(1) The Creed (I believe in God) is the formula of the principles of the Christian religion or the first article of faith in which the principles of Christianity are formulated.
(2) According to tradition, it is the Apostles who first formulated the Creed. This is the reason why we gave it the name of Apostles’ Creed. However, the creed, that is currently recited in Church as well as in all ancient Christian churches, is the version of the Nicene-Constantinopolitan Creed, from the first Ecumenical Council in 325.
(3) The Creed is of paramount importance because generally the New Testament and particularly the Gospel contain a large number of facts and phrases, for example, regarding God, the birth and priestly activities of Christ, the Holy Spirit, eternal life and other topics, that an official and trustworthy interpretation is necessary for a true and legitimate understanding in order to avoid disagreements on this or that subject.
(4) The Creed has an intrinsic value. The Apostles and older Fathers of the Church, who saw the birth and the spread of Christianity were likely aware of ideas and the situation prevailing at that time concerning the fundamental points of the Creed. Therefore, an accurate and trustworthy interpretation, with an official formula, would serve to dispel confusion and dissension.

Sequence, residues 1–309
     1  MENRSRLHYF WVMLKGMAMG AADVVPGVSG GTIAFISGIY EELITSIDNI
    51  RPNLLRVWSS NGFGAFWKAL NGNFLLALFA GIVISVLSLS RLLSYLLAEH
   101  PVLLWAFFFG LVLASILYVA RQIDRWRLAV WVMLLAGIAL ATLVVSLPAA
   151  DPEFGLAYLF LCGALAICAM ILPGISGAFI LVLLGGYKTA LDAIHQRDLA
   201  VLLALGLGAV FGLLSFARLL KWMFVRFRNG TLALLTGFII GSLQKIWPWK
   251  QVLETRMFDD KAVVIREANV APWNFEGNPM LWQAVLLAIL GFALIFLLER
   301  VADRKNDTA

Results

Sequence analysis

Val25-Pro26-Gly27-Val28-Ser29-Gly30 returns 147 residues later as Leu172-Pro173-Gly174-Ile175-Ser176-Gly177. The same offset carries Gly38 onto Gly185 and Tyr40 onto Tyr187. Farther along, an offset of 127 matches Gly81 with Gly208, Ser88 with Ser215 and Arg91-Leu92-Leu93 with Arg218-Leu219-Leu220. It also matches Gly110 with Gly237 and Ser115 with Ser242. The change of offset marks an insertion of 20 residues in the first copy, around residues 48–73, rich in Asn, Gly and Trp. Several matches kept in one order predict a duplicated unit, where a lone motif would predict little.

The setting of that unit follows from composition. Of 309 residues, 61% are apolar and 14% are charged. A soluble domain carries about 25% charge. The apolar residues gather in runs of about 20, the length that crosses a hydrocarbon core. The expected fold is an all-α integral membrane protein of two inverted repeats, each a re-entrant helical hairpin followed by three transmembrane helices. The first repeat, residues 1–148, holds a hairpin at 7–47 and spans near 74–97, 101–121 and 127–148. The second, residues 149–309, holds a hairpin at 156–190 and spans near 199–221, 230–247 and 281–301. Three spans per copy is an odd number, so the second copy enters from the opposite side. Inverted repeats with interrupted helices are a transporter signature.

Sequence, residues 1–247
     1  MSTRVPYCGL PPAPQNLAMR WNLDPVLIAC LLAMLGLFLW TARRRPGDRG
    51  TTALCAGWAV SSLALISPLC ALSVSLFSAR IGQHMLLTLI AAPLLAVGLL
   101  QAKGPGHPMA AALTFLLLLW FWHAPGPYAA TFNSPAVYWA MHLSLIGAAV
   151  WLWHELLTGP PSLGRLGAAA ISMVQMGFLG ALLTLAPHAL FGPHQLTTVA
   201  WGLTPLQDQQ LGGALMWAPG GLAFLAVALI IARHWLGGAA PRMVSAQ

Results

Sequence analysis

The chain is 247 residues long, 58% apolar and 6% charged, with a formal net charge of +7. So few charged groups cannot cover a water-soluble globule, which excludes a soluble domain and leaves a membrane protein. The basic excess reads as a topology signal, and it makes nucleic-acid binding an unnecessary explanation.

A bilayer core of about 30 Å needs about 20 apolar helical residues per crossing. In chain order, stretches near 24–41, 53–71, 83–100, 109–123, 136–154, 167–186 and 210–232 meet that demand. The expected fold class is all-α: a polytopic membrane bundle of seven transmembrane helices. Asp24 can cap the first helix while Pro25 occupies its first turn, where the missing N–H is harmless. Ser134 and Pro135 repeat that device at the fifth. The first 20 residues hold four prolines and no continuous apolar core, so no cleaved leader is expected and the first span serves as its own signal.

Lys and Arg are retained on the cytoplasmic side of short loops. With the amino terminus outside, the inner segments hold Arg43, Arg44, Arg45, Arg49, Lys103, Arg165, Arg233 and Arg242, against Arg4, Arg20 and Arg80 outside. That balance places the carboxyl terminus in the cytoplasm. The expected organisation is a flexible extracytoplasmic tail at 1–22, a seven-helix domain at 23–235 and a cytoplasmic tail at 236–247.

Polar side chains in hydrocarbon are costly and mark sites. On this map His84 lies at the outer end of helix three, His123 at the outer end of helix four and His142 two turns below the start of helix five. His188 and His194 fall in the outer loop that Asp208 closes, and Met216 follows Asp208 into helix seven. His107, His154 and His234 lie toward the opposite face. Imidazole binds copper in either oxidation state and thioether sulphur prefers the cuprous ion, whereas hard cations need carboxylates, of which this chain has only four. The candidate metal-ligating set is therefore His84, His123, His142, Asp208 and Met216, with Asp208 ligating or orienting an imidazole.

The Creed is the Foundation of the union of the Christian churches because each of these churches claims it and professes it.
(5) For members of each of these churches, the Creed is also the basis of the agreement and harmony concerning the faith.
(6) Therefore, knowing and accepting the Creed is an indispensable condition for the members of the Church. But, unfortunately, some do not lend him enough importance, and while remaining faithful to the Apostolic Church, they are moving away from its true understanding.
(7) the Creed includes 10 points:
For our salvation, the Son of God came down from heaven; he became incarnate by the Holy Spirit and the virgin Mary, and was made human, quite like us (but free from all sin). He was crucified, he suffered, died and was buried. He rose again on the third day, He ascended to heaven in human form and is seated at the right hand of the Father. He will come again in human form to judge the living and the dead. He will reign and His kingdom will never end.
(8) During mass, immediately after reading the daily biblical text and the extract of the Gospel, all present recite the Creed in a decent way, hands joined and out loud.
*Reference: "Catechesis" by Papken Gulesserian, Catholicos of the Great House of Cilicia, 4th edition, 1971, Antelias